It is a window of opportunity that has opened up for perhaps just a few years but it is going to take the mass media, marketing strategists, ad agencies, and clients with titanium balls to really make the best of it.
But, get it right and the rewards will be enormous.
It is called the 'power of apology' and it all started when Enron was exposed a dozen or so years ago. Then came September 11 and wars in Afghanistan and Iraq followed closely by the sex abuse cover-up scandal in the Catholic Church, mayhem as a gay priest was appointed bishop in the Anglican church and all sorts of other misdemeanours among the world's religions. The list is fairly endless of occurrences that have left the world's consumers, those ordinary Joe's we call the 'man in the street', with their confidence in human nature shattered.
Business, politics and religion has let them down and now they're desperately looking for someone to trust.
This means enormous opportunities for companies prepared to throw away those 'We Care' plaques on their reception walls and stop using their ads as platforms for empty promises with 'We're the Best' and all that sort of guff. And then, to start making accountable, measurable promises to win the trust of the consumer by delivering quality on time and backing it all up with no-nonsense after-sales service.
Just say it: 'We screwed up and we're sorry' - and mean it
But, there is an even bigger opportunity for companies that really want to take maximum advantage of the social climate right now and win the hearts and minds of disenchanted consumers by hanging their dirty laundry out for everyone to see.
Because this is what the power of apology is all about. Not being scared to tell consumers that you're not perfect, that you made mistakes, what mistakes you've made and what you're doing to get things right.
It's a good start by saying you're not perfect but what's needed to get consumer confidence today is to say why you're not perfect.
It all boils down to the old adage our parents used to teach us when they insisted we go and say sorry to friends and family we had hurt. It is also in all those management training courses. Not just avoiding colleagues and playing 'no speaks' because you feel they need to apologise first, but rather taking the initiative no matter who is right or wrong and apologising - and the more profusely the better. Not only are fences mended but whatever relationships there were before are strengthened. It is a management basic.
Companies that are going to milk this situation to the utmost are those that are going to include in all their marketing communications some serious, honest, breast-beating accompanied by measurable promises.
Going the extra mile... actually creating 'mistakes'...
Some companies overseas have already cottoned on to this phenomenon and seem to have had so much success that when they run out of things they have done wrong and for which they have apologised they're actually starting to concoct mistakes just so they have something more to apologise for.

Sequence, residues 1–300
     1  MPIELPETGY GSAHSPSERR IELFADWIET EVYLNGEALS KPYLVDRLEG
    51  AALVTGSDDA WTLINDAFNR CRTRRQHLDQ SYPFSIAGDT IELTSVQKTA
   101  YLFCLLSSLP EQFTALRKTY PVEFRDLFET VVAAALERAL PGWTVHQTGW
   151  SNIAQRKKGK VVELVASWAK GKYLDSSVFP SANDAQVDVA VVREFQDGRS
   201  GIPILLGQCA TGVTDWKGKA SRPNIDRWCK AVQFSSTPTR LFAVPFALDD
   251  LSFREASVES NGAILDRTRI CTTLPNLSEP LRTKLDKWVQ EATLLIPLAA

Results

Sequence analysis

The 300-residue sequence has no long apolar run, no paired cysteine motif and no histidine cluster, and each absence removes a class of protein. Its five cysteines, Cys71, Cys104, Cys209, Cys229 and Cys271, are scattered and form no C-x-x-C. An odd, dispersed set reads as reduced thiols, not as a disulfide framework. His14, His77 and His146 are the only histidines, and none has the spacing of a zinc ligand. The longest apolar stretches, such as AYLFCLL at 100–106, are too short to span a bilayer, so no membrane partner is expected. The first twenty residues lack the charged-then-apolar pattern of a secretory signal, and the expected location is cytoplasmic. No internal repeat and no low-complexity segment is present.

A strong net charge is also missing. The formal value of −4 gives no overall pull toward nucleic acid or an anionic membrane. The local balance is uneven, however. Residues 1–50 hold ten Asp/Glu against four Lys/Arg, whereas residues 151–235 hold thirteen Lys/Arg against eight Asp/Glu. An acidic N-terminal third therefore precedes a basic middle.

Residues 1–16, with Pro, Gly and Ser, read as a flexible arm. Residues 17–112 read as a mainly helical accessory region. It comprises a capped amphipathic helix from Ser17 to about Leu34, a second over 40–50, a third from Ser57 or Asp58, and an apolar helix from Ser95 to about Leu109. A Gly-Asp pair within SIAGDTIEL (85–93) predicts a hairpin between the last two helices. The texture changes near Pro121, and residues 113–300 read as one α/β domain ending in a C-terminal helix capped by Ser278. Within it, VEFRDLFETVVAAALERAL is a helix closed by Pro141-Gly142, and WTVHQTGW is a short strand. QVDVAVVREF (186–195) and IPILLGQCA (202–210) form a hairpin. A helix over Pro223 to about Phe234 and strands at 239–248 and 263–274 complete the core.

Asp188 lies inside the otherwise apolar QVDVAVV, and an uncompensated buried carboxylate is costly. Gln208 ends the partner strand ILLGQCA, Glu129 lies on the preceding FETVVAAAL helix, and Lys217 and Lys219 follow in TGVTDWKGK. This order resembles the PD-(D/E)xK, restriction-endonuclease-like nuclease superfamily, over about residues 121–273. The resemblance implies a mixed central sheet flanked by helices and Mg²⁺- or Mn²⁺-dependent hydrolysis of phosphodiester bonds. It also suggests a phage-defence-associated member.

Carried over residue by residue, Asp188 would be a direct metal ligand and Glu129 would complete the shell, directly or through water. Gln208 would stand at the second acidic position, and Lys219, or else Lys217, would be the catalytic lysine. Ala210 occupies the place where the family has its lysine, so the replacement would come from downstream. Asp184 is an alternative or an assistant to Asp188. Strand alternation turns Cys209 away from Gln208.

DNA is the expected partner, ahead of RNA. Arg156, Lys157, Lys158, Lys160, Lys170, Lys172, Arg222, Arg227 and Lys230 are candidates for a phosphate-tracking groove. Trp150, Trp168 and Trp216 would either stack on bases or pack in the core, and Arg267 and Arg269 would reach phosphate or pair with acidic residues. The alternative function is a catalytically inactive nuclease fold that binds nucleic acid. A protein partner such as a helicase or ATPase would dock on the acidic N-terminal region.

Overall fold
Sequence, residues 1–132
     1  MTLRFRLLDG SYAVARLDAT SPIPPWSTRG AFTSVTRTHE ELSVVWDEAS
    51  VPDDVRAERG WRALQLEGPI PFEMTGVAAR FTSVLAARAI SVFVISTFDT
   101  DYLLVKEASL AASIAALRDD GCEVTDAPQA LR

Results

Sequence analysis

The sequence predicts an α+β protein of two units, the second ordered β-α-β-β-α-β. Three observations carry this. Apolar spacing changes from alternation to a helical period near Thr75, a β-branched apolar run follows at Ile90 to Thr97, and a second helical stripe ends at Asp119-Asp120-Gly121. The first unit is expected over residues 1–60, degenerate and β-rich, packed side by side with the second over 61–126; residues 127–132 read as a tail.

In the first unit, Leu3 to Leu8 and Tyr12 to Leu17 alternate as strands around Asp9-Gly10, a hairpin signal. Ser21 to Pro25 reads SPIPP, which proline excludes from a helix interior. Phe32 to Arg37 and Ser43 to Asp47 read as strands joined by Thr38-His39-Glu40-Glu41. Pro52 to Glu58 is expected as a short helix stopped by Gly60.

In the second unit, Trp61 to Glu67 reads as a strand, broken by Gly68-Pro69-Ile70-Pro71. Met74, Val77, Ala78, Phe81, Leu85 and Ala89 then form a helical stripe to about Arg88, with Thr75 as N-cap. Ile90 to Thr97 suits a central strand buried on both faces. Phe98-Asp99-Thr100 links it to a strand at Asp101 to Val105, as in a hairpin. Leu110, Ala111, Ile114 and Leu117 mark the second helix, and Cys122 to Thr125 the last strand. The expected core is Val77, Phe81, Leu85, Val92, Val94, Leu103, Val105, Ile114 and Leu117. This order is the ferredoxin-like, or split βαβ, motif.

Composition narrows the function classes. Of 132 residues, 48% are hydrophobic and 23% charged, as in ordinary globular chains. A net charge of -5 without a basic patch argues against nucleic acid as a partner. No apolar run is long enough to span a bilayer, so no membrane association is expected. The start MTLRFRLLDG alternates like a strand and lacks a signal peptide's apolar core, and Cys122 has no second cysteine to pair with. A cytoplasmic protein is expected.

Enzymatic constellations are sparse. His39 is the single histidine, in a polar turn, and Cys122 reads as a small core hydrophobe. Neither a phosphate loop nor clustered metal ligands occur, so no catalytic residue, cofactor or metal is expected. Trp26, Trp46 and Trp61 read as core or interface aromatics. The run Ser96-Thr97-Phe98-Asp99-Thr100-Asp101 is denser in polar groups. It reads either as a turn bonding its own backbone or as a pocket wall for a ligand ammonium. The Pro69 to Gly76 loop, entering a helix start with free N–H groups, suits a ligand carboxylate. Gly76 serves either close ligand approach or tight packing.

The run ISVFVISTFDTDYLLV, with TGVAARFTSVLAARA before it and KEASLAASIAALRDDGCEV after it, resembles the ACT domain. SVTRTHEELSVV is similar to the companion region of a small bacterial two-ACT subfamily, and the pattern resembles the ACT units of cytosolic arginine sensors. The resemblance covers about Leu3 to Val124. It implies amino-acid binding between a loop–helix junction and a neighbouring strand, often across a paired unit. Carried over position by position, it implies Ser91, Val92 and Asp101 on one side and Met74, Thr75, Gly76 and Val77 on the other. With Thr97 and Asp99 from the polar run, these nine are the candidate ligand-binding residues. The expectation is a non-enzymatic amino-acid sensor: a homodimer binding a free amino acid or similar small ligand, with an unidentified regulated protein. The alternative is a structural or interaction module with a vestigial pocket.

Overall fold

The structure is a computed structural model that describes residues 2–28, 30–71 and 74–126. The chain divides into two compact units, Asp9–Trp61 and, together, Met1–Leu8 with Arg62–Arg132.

What most companies don't realise, particularly in the field of customer service, is that the normal knee-jerk reaction employees have of defending their firm's actions is pointless, time wasting and counter-productive.
My biggest lesson in life came from my brother on my wedding day. "Always agree with your mother-in-law," he advised.
Why? Because arguing is pointless and in most cases it really doesn't matter who was right or who was wrong, all that counts is moving on to something more constructive than petty argument.
So, when customers phone to complain about some product or other, agree with them whether they're right or wrong. You have to resolve the problem anyway so you might as well get the unproductive part of the conversation over with in a few seconds rather than spend hours arguing.
Now, this is all moving into advertising and PR. Wide awake companies welcome something they've cocked up as a wonderful opportunity to apologise and win the trust of the consumer.
Because right now nothing is more trusted by mankind generally than the honesty of an admission of guilt.
No lies, no deceit, no smoke and mirrors, just the plain, honest truth. It not only works wonders but its profitable and then some.
Right, now who has enough titanium in their goonies to get this going?
Apart from being a corporate marketing analyst, advisor and media commentator, Chris Moerdyk is a former chairman of Bizcommunity. He was head of strategic planning and public affairs for BMW South Africa and spent 16 years in the creative and client service departments of ad agencies, ending up as resident director of Lindsay Smithers-FCB in KwaZulu-Natal. Email Chris on and follow him on Twitter at @chrismoerdyk.
I couldn't agree more, Chris. Although it is a touch dated by now, the excellent example set by Patrick Doyle, President of Domino's Pizza in the US remains a great example and learning experience for those who find it hard to say "We're sorry". Two of their employees at a store in North Carolina did vile things to customers' pizzas and then went on to video record what they were doing and posted them on YouTube. Not only did the President of the biggest pizza franchise in the world personally apologize, but he did the following right things and we should all learn from that: - Extend your apology on the same forum where the damage was done - Be sincere and let your face and voice reflect that - Say honestly what went wrong - Say what you are doping about it - Thank your stakeholders for hanging in there with you - Promote your brand as you conclude your apology. I cannot tell it better than getting your followers to watch the video here: https://www.youtube.com/watch?v=xvg4-E2C8UE
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